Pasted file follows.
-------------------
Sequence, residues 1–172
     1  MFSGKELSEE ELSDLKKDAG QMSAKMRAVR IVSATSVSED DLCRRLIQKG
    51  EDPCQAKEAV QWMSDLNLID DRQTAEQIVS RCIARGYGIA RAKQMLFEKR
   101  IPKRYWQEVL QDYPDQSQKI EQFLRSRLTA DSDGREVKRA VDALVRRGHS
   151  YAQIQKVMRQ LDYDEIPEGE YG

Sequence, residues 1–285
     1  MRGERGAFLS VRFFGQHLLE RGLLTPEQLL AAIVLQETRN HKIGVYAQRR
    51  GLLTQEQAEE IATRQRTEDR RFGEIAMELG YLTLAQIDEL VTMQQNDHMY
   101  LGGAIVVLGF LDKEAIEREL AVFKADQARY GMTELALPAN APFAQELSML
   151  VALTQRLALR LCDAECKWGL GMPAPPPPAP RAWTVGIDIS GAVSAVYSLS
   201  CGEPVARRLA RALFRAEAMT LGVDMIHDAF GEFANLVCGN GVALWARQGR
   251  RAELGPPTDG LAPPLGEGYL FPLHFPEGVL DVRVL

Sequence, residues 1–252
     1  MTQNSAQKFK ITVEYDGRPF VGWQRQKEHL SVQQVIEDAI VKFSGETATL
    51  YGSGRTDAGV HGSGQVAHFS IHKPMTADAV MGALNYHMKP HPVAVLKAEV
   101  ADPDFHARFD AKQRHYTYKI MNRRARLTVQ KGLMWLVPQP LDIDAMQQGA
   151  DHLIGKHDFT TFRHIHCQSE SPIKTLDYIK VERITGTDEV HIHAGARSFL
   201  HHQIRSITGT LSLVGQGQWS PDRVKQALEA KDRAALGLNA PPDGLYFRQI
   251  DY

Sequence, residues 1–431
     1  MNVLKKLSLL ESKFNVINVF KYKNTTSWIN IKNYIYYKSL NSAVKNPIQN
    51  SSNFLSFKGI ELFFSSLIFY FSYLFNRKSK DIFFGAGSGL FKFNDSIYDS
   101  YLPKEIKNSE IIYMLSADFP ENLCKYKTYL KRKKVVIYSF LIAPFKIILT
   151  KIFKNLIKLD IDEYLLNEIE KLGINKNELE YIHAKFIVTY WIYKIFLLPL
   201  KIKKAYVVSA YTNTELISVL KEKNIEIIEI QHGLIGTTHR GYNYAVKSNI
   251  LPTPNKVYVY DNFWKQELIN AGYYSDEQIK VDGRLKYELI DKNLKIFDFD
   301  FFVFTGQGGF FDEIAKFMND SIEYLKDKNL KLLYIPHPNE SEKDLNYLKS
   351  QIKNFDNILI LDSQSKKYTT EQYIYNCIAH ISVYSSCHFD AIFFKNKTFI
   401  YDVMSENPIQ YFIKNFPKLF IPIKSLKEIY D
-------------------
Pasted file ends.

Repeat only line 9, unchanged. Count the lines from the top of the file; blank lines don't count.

   101  LGGAIVVLGF LDKEAIEREL AVFKADQARY GMTELALPAN APFAQELSML